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    Entries in generations (4)


    Millennials are the best. And so are Baby Boomers

    Quick and amusing take for a 'Freezing to Death Friday' in Western New York.

    Take a look at the below chart, courtesy of Lendingtree.com survey of 1,000 US workers on perceptions of co-workers spanning three generations at work - Millennnials, Gen Xers, and Baby Boomers. Each person was asked to rate co-workers of the three generations, including their own, across a set of workplace qualities.

    Here's the chart - think about what stands out as you scan these generational ratings:

    Did you catch a theme in these ratings that each generation gave to their own generation, as well as the others across these various qualities?

    In case it got lost in all the numbers and colors and bars what stands out to me is this:

    Across EVERY category, Baby Boomers rated their own generation, (the other Boomers), higher than their Gen X and Millennial counterparts. Every single quality. Including, I might add, 'Skilled with Technology'.

    And the Millennials?

    They rated themselves the 'best' generation on every single workplace quality but one - Productivity.

    And Gen X?

    They mostly flip-flopped between ranking themselves and the Boomers the highest across these workplace qualities. And also for some reason, they rated Boomers the best at 'Skilled with Technology'. Maybe Gen X is still kissing up to the Boomers in charge, I am not sure.

    What does any of this mean? Probably not much. But I found it interesting (the only criteria for inclusion on the blog), and kind of funny too. It turns out that for the most part, at least according to this data, we all think that people in our own generation are the best. I suppose that isn't too surprising.

    Now get off my lawn. And have a great weekend. And try to stay warm!


    CHART OF THE DAY: We can FINALLY stop talking about millennials

    In what has to be interpreted as a signal to the tens of thousands of workplace/leadership/management professional speakers and pundits out there that it is time (finally), to update those PowerPoint decks from 2009, it looks like we need to stop or at least slow down our collective fixation with Millennials.

    Take a look at today's Chart of the Day, courtesy of the fine folks at Goldman Sachs and let's together pour one out for the Millennials and raise one up for what is coming next. Here's the chart and as you have persistently demanded, some comments from me after the data:

    Awesome looking chart, right? And from the looks of it, it is time to stop worrying so much about the Millennials and start thinking about Gen Z! What might this mean to the rest of us - besides all the 'Generations in the Workplace' people that need to update their slides I mean?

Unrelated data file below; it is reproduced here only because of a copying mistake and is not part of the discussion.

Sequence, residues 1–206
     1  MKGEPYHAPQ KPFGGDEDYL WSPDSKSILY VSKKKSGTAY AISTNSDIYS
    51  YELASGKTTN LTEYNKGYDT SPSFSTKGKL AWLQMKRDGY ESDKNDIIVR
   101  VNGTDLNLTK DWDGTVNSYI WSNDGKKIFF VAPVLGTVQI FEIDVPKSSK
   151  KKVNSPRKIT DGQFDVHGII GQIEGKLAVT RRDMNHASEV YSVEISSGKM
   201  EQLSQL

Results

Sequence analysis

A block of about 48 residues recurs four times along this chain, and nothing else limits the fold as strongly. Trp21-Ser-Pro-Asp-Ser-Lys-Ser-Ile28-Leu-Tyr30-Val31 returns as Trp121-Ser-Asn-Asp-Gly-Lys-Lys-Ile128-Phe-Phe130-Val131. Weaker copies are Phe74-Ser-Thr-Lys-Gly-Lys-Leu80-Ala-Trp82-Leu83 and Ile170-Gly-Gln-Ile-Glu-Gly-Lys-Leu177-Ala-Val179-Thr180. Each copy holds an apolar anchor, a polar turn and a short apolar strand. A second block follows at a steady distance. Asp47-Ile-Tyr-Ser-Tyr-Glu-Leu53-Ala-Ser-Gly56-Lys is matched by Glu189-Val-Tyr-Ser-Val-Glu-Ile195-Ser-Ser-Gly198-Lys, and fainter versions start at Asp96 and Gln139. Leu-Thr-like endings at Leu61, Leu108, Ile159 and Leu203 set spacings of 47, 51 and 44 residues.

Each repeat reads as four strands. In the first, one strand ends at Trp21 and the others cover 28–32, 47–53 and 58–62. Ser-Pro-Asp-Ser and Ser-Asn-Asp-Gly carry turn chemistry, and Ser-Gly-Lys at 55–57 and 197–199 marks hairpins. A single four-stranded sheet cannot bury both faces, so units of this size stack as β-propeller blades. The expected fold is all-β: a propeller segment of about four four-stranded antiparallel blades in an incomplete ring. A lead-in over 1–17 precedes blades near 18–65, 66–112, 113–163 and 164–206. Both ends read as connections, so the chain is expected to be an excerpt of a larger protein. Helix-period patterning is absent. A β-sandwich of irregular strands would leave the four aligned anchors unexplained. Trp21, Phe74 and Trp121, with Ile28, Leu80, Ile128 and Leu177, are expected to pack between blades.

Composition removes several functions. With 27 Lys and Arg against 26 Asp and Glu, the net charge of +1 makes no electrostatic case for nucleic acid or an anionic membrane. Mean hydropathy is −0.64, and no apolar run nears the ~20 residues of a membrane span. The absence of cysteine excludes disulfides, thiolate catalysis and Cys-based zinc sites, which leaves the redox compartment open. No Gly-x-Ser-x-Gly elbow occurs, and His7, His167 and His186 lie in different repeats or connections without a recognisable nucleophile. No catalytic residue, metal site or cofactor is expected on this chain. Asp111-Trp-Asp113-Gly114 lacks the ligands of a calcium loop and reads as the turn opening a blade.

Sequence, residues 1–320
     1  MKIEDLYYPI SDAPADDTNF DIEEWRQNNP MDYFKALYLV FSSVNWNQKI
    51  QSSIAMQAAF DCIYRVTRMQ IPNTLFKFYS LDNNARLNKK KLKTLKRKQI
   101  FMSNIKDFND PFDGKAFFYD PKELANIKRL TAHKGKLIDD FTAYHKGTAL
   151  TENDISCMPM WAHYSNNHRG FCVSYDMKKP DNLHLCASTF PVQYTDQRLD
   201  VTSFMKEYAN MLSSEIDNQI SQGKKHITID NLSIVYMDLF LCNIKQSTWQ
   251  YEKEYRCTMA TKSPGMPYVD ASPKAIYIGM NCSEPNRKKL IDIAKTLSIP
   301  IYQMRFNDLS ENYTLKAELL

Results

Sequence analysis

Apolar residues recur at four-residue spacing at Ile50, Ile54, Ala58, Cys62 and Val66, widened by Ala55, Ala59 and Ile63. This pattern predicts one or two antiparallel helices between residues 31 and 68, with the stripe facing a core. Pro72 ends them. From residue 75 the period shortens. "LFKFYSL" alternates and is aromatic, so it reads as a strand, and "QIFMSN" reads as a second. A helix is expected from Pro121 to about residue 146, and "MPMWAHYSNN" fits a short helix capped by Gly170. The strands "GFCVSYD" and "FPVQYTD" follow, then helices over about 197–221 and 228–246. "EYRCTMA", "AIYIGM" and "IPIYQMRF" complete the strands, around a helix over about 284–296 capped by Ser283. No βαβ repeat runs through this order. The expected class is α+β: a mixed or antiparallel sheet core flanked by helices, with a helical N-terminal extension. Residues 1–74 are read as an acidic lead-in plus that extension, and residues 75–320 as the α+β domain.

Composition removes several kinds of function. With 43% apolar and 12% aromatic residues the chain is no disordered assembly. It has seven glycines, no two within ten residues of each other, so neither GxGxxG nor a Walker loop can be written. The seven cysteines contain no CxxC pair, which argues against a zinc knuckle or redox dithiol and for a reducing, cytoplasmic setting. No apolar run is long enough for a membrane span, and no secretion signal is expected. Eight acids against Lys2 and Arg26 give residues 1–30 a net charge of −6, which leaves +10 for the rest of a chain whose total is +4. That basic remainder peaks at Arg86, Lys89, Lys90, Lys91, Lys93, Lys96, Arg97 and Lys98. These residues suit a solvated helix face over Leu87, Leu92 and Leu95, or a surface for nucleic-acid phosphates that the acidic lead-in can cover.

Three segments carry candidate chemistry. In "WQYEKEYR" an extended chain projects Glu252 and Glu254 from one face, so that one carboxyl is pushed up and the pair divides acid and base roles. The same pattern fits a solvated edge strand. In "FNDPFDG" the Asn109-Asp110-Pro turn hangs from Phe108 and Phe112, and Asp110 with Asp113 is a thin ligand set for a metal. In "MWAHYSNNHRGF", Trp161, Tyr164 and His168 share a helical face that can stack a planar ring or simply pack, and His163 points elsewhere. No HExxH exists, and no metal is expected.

I have three quick takes, then like the Good Gen X-er I am have to go make the donuts...

    1. Technology - this is the first 'post-internet' generation. They have never known a world without almost constant connectivity, ubiquitous wifi, and life attached to their devices. Waiting for any kind of information is something they are not used to, nor will tolerate very well. Everything has to move faster, be more easily consumable, and actionable. If you thought the Millennials were annoying, just wait until your first set of Gen Z employees comes through the doors, (very soon), and laughs at your antiquated set of systems and processes.

    2. Diversity - In line with the increasing diversity in the population overall, Gen Z will be the most diverse generation in US history. According to Goldman, the majority of Gen Z will be non-white by 2020 or so. And with this diversity in composition, it seems likely that Gen Z-ers will also be the most accepting of diverse workplaces and teams. In fact, many of them will not even consciously think about 'diverstiy' in the ways that Gen X and Boomers always have, (and have needed to). To Gen Z, the team won't really seem 'diverse', it will just seem like 'the team.' I am not smart enough to know exactly what that means for corporate diversity and inclusion efforts, but I bet it will mean something.

    3. Backlash - In about three minutes from now, someone will take a shot at me or at this post for 'generalizing about the generations'. This person will probably be an older Gen X-er or possibly a Boomer. These people are cranky and should be ignored. Yes, I know not every Gen Z-er is the same and not every Boomer is some kind of Luddite. EVERYONE knows this. The point of talking about generational groups and trends is not to try to explain the motiviations and actions of EVERY SINGLE PERSON IN THE WORLD. The point is to try and make sense on a macro-level of how the shared experiences and enviroments of people who grow up in similar cultural, societal, and economic circumstances impact how they see the world and what that means for the world. And I think having that kind of understanding, or at least having the discussion, is important and valid.

    Ok, that's it from me. What say you? Do you care about Gen Z at all? Or are you happy (like I am), not to have to figure out how to spell 'Millennial' all the time?


    The new rites of passage